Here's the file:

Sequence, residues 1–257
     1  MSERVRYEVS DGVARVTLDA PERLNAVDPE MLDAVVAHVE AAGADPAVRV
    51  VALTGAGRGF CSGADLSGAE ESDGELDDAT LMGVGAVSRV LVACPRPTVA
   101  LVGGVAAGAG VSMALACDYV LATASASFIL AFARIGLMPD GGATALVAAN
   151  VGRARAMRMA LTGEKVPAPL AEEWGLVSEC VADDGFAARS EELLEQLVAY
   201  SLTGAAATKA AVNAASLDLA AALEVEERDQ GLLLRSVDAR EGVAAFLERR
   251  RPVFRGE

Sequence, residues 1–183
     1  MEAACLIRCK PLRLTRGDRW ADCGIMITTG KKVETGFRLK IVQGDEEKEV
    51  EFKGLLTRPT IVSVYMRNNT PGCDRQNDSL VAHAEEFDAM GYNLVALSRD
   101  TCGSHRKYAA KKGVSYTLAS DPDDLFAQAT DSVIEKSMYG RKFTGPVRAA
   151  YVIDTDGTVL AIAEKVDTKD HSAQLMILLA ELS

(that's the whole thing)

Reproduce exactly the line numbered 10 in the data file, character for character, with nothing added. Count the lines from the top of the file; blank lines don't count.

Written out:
    51  EFKGLLTRPT IVSVYMRNNT PGCDRQNDSL VAHAEEFDAM GYNLVALSRD